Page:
I Wanna Know
By Susan Yudt,
Common Sense Media Reviewer
Common Sense Media Reviewers
Frank sexual health site from a trustworthy organization.
A Lot or a Little?
What you will—and won't—find in this website.
Kids can learn sexual health basics in different sections that offer information on how STDs are contracted, defining sexual orientation, teen pregnancy, and other topics. The site doesn't tell teens what to do, but it definitely takes a cautious stance toward having sex. Tips on talking to parents (and potential sexual partners) about sex are also included, along with advice on having a healthy relationship. Don't expect a ton of fun extras -- there aren't many interactive elements. However, the content is presented in a direct, clear way. I Wanna Know will resonate with teens looking for accurate information to make informed decisions.
The site encourages teens to take charge of their sexual health and to talk with a healthcare provider about any sexual health concerns or questions they may have. It also provides helpful advice about self-esteem, healthy relationships, and peer pressure.
Violence & Scariness
The site addresses sexual abuse and assault.
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Sex, Romance & Nudity
The site includes accurate, frank information on anatomy, sexual behavior, birth control, pregnancy options (parenting, adoption, and abortion), and other sexual health topics.
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There's no profanity; the site uses some sexual slang to explain terms. (For example: "The correct medical term for 'blue balls' is vasocongestion.")
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Drinking, Drugs & Smoking
The site provides cautionary messages about drugs and alcohol, including how they can lead to poor decision-making about sex.
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Parents Need to Know
Parents need to know that this sexual health site is run by the American Social Health Association, a nonprofit public health organization. It takes a comprehensive approach to sex education, noting that abstinence is the most effective way to avoid pregnancy and STIs, but providing information on birth control and other sexual health topics as well. There's also a section geared to helping parents talk to their teens about sexual health and relationships. Some of the resources the site links to may be more appropriate for older teens.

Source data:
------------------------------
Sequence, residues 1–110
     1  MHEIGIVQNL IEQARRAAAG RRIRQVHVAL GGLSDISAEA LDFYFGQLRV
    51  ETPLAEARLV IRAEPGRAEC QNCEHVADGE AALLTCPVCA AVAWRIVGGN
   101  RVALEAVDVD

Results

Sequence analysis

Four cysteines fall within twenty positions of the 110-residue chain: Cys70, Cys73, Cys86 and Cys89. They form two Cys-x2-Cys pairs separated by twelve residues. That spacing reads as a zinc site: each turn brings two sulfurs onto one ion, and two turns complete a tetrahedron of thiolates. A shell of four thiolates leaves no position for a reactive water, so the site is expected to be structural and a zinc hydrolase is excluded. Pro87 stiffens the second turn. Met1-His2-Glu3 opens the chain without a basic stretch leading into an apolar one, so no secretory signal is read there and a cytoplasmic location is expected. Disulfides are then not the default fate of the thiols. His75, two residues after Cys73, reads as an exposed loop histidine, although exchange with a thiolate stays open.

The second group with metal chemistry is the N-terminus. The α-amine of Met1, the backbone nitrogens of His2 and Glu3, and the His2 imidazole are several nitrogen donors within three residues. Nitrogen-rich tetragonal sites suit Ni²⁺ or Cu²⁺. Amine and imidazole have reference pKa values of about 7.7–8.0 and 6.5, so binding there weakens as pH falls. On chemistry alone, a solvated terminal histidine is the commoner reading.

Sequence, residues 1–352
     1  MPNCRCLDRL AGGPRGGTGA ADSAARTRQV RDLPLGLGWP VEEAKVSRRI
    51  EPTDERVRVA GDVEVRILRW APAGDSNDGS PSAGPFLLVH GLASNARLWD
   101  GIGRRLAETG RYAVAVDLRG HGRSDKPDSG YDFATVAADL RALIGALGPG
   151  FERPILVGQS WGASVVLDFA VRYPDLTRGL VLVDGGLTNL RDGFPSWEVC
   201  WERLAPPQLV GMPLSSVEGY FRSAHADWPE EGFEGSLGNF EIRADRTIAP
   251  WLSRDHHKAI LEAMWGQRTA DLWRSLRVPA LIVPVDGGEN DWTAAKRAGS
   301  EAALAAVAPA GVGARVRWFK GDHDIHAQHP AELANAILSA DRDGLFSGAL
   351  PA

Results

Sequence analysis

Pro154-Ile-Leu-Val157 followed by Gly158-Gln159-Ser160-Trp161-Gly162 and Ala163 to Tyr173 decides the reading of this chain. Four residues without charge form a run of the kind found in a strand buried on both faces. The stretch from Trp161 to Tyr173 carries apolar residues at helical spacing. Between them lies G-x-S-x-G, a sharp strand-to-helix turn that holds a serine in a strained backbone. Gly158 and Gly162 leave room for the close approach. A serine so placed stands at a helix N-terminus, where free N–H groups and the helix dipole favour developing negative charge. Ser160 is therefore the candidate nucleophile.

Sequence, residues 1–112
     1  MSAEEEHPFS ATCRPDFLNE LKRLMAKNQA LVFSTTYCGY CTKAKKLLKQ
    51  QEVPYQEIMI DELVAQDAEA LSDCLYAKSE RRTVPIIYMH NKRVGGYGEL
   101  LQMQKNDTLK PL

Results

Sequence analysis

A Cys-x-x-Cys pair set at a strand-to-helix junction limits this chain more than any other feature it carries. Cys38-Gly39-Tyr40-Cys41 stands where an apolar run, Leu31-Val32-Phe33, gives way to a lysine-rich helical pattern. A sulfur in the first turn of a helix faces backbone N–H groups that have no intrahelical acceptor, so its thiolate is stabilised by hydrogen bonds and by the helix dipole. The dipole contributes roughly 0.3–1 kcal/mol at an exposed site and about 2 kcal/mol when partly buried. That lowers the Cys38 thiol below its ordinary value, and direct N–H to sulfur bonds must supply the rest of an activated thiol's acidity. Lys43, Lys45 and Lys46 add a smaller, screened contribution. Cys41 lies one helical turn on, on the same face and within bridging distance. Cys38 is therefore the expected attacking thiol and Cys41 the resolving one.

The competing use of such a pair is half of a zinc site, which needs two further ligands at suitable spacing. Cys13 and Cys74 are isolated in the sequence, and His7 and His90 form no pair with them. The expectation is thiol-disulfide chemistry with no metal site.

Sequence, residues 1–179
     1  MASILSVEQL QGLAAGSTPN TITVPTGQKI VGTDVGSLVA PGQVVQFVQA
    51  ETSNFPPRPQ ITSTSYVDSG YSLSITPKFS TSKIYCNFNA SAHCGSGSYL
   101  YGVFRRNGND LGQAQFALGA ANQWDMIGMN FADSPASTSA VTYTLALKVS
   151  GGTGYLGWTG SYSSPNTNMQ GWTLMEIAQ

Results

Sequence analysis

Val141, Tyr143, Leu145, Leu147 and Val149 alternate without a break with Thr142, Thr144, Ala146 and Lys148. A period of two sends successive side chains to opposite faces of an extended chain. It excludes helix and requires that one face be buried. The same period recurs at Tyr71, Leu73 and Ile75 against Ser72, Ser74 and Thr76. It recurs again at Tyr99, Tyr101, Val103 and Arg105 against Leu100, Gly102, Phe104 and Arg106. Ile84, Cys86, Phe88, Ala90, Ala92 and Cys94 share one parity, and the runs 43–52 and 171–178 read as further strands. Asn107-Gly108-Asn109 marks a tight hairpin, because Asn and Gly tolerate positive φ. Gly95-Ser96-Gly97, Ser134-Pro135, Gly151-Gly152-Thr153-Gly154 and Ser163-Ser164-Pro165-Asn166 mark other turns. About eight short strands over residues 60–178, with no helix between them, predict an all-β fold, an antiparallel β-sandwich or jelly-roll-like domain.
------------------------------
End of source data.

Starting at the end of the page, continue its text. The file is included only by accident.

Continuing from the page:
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What’s It About?
Run by the nonprofit American Social Health Association, I WANNA KNOW offers a comprehensive look at sex ed topics like teen pregnancy, STDs, unhealthy relationships, and sexual orientation. The site stresses that abstinence is the best way to avoid getting pregnant or contracting a sexually transmitted disease or infection; however, it doesn’t necessarily discourage sex and also offers birth control and safe sex information. Advice on talking about sex with parents and sexual partners is also included.
Is It Any Good?
I WANNA KNOW isn't the flashiest site -- there are no videos, quizzes, or interactive features -- but teens looking for advice on sexual health topics will find clear, accurate information. The site is smart to address issues that go beyond "the birds and the bees" -- like relationships and body image -- that are often glossed over in school health classes, despite the critical role they play in many teens' lives.
Talk to Your Kids About ...
Families can talk about self-esteem and the role the media plays in shaping body image (for both girls and boys).
Every family has different opinions on the best approach to discussing sex and sexual health. Talk about your values and expectations when it comes to sex. Some teens are afraid to talk to their parents about sex. Would your teens feel comfortable approaching you if they had a question or concern? Why or why not?
- Subjects: Social Studies: cultural understanding, exploration, Language & Reading: reading comprehension, text analysis
- Skills: Health & Fitness: body awareness, preventing sickness, Responsibility & Ethics: learning from consequences, making wise decisions
- Genre: Educational
- Topics: High School
- Pricing structure: Free
- Last updated: November 5, 2015
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